To be honest, that little voice in the back of my head tells me that I should have driven my Highlander Hybrid to big D. Not only would it have achieved twice as good fuel economy, albeit on my crown, but diesel engines also emit 25 to 400 times more mass of particulate black carbon and miscellaneous organic matter per mile; so there was a lot of pollution to pour into the atmosphere just for the benefit of sitting high up and acting like i was someone important.
That leads to the only compelling point I am likely to make today. These powerful pickups only make sense if you are towing something solid daily and weekly, and not just because they are bouncy and uncomfortable but something heavy behind. Today’s quarter ton pickups have plenty of traction and much better fuel economy.
GMC’s Duramax diesel will pull 18,500 lbs. Ford’s F-2550 diesel will draw £ 22,800. and the Rams 6.7-L Cummins® Turbodiesel will pull 20,000. Those are big numbers. A trailer with four horses, on the other hand, weighs anywhere from 4,200-8,400 pounds. Add four horses up to 660 lbs. per, and the weight is still less than the capacity of a competent quarter-ton truck.
Surprisingly, GM’s 3.0-L Duramax pulls just 9,500 pounds, but both Ford and Ram offer quarter-tonne diesels that pull more than 12,500 pounds. Ford gives you about 27 mpg and Rams more than 30 mpg.
Is efficiency possible in this category …
Motor Trend has a nice repeat of these questions. I have been looking at payload and towing capacity tables for more than four decades and this year I found the biggest surprise so far. Both Ford and Toyota manage to haul more than 12,000 pounds. combine hybrid systems with twin-turbo V-6 arrays. My friend Tim Esterdahl, a pickup expert, believes that the new Tundra has the best fuel economy of a light pickup ever.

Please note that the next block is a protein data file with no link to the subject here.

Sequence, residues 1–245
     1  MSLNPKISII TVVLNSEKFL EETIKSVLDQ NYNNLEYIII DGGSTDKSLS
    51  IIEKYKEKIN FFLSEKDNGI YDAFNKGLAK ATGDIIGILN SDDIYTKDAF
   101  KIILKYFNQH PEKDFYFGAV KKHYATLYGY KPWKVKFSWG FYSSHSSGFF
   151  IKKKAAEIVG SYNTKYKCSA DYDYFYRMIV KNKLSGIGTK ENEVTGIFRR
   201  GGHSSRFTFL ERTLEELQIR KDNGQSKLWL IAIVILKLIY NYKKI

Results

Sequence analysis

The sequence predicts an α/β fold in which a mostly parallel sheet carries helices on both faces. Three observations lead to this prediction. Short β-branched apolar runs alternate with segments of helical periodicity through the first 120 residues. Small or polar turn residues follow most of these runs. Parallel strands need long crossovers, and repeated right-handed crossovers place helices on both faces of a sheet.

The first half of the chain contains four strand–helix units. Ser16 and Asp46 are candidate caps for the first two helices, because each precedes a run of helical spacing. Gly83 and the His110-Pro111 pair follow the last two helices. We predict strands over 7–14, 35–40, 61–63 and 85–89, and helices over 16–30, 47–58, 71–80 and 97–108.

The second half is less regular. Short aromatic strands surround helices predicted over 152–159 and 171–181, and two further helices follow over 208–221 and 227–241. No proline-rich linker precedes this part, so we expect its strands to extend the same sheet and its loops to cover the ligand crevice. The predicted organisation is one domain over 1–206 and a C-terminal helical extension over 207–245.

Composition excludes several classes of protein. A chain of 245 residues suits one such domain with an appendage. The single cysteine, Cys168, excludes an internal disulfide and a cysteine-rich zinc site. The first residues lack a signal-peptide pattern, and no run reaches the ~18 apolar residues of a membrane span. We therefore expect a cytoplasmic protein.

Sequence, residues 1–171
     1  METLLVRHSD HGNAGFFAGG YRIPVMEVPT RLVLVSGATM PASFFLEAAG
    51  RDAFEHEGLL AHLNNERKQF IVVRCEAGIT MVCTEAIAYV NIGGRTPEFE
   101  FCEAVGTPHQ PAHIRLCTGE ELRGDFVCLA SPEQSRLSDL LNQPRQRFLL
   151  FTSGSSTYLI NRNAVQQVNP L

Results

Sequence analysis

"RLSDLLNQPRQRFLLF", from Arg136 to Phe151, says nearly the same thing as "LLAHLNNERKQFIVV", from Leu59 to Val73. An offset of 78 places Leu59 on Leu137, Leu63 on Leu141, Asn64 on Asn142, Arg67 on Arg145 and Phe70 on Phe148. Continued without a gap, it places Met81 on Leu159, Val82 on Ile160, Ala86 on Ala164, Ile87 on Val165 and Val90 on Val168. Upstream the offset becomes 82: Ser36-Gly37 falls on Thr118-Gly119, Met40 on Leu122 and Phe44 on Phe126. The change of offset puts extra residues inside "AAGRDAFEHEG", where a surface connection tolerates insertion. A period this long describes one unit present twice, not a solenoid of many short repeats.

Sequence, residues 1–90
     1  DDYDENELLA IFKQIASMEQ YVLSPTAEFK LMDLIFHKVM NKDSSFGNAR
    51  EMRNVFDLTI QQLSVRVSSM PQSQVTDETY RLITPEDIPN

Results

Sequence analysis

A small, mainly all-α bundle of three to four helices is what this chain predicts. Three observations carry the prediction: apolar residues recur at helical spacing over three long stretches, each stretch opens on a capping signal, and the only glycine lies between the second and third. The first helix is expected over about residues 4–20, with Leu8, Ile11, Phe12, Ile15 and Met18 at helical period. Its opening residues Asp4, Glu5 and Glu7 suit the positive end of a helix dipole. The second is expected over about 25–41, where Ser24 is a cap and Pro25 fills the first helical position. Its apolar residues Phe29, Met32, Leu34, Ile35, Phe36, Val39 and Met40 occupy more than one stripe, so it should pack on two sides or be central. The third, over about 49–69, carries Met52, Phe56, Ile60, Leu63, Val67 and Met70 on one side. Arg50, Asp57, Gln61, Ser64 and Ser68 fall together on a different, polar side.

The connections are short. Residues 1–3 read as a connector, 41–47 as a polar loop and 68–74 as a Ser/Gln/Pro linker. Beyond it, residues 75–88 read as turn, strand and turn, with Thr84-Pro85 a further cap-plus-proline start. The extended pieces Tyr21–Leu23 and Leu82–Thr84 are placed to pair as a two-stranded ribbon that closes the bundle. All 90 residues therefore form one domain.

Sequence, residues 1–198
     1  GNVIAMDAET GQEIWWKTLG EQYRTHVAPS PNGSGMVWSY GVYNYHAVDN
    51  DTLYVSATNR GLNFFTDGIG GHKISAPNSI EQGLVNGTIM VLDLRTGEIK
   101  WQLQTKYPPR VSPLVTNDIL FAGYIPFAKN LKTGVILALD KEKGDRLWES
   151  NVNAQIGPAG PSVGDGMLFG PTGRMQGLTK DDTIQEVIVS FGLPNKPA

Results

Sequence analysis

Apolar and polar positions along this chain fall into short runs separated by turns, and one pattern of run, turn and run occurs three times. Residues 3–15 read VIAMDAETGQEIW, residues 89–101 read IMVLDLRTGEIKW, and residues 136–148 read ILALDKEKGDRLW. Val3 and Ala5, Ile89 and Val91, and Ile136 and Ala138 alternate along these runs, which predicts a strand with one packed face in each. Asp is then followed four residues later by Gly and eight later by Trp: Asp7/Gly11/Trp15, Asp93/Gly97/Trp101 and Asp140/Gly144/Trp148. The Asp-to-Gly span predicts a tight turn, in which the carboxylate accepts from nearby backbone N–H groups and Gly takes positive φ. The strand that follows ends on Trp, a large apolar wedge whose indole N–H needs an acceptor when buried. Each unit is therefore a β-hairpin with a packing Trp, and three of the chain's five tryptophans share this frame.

On top of that, GMC Denali still leaves a lot to be desired. Although it has lots of great features, including a camera system that finally competes with Ford’s, the interior still has a cheap and plastic feel. Still, it has plenty of storage space, holes for storage, drink holders and electrical outlets. Pickup drivers, who tend to prefer practicality and versatility over aesthetics, will find it sufficient.
An available 8-inch infotainment screen is remarkably smaller than the 12-inch screens available on the Ram for two years.
In addition, important parts of driver assistance technology are not available. I understand that pickup drivers tend to be conservative and therefore the demand is probably not high, but a truck’s ability to stay in its lane and a safe distance behind the vehicle in front seem more important when towing 10 tonnes from the stern.
Who buys a vehicle for $ 70,000? Financial advisers say that a car purchase should not be more than 35% of gross income. Let’s see … 0.35X = $ 70,000. Divide both sides by 0.35. Oh, that’s $ 200,000 a year, right? Less than 7% of the American public do so.
One would think that the top 7% would be more picky.